R&R Remodeling is doing a lot of work on the Behrens Lofts, converting those spaces into lofts that reflect that “Magnolia look,” he said.
Renovation of Southern Roots Brewing at 219 N. Eighth St. was an enjoyable project, Salazar said.
Beyond having to adjust health protocols due to the pandemic, Salazar said his crews have stayed busy this year.
“It’s been a phenomenal year,” he said.
“We’re a 100 percent referral company,” he added. “Lots of my customers are repeats because they trust what I do, and that’s important to me. I have customers in their mid-20s to the 60s and 70s. We want to be sure we do what we need to protect our clients.”
Salazar has worked in the remodeling industry in 1983.
“I’ve seen the ups and downs, and we’re been successful,” he said. “I credit that to my faith in the Lord.
“We’re able to be a multi-task company because I have a team of people who do a great job. I have two project managers with 50 years of experience, and have used the same subcontractors over the years so they know how we need it done.”
Salazar said he’s humbled to have a waiting list of jobs, some that they won’t be able to start until January. And while not all jobs go as smoothly as they hope, that’s always the goal, he said.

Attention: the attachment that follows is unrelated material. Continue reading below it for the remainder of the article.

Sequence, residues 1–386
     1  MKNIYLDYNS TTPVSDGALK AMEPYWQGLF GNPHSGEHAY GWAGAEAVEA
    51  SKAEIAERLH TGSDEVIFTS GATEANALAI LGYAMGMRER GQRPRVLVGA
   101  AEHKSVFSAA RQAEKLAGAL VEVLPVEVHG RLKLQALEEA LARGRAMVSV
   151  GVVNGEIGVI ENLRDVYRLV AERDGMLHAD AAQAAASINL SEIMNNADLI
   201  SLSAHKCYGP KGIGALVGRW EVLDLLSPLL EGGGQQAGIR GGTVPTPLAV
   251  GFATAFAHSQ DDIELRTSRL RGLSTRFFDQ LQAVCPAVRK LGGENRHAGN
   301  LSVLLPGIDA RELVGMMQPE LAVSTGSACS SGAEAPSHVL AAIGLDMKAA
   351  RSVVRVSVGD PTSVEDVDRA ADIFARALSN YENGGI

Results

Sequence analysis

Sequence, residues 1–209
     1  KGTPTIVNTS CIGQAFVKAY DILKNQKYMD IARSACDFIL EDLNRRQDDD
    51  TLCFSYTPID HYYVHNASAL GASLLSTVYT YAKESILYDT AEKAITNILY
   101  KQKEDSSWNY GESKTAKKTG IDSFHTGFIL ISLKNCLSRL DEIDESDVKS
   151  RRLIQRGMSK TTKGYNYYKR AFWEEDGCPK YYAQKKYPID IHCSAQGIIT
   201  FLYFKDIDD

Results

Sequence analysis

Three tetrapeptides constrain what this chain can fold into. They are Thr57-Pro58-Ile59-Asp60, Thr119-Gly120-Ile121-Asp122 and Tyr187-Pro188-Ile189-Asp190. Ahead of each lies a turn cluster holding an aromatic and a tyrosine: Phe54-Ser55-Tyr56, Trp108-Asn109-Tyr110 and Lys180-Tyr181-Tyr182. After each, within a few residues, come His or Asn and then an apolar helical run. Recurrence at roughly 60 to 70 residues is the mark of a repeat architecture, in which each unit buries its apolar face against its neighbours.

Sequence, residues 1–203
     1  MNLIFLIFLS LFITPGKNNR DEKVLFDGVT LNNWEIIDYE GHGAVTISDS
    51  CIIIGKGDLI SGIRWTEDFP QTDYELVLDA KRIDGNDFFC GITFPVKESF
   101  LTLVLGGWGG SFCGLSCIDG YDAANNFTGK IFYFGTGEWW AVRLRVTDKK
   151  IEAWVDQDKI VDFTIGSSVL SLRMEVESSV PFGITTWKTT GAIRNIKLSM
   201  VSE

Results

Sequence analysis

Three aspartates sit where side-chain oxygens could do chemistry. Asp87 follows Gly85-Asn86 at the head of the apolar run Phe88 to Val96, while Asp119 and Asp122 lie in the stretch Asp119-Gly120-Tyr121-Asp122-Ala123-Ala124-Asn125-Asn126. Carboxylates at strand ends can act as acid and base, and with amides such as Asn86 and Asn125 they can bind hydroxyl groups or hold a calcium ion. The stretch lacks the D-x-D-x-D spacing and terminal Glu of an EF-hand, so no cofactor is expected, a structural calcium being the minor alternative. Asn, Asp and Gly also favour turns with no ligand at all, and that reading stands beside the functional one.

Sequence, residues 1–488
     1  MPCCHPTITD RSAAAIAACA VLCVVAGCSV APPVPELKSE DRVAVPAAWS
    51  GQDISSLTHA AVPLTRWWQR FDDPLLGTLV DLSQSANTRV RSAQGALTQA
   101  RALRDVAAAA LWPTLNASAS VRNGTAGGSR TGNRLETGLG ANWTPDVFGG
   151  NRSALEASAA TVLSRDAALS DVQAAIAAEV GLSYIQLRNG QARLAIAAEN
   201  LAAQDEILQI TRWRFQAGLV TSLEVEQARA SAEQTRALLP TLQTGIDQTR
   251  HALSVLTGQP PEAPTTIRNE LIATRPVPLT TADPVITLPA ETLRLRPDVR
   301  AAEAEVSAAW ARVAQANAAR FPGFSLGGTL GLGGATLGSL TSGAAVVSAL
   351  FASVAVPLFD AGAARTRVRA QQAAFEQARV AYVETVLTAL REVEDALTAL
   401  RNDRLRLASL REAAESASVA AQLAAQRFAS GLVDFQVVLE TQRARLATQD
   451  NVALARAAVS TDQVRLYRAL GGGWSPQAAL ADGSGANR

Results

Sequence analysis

“I’m not perfect, but we work toward perfection,” Salazar said.
At Jim Williams Renovations & Roofing in Robinson, kitchen and bathroom remodels are the bulk of his business.
Since 1996 Williams has worked with homeowners to re-imagine their spaces.
When it comes to renovating kitchens, that usually means making it bigger, he said.
“A lot of homes built in the ’90s and early 2000s had small kitchens, so many people like to have something larger,” he said.
That almost always involves removing walls, he added. To expand some kitchens, he’s had to work into parts of garages, bedrooms and dining rooms in order to give his customers the space they desire.
Every project is about working closely with the customer to deliver what they’re looking for, he said.
As for bathroom projects, many of those have involved transforming the existing bath or shower into a walk-in shower or one with an open shower concept, he said.
People are moving to walk-in showers for a number of reasons, according to home renovators.
One benefit is cleaning as tile and glass tend to be easier to clean that the porcelain usually used in shower interiors. Not having to change dirty and moldy shower curtains also is a plus.
Walk-in showers can generally be designed to fit the space, even for smaller rooms or those with an unusual shape.
Another important benefit is that walk-in showers are more accessible than baths. For family members with mobility challenges, walk-in showers are a great solution, because you don’t have to step over a high ledge. That also can make the home more attractive to a wider range of buyers if you’re looking to sell the home.
Williams said getting thanks and appreciation from the customers for a job well done is a most rewarding feeling.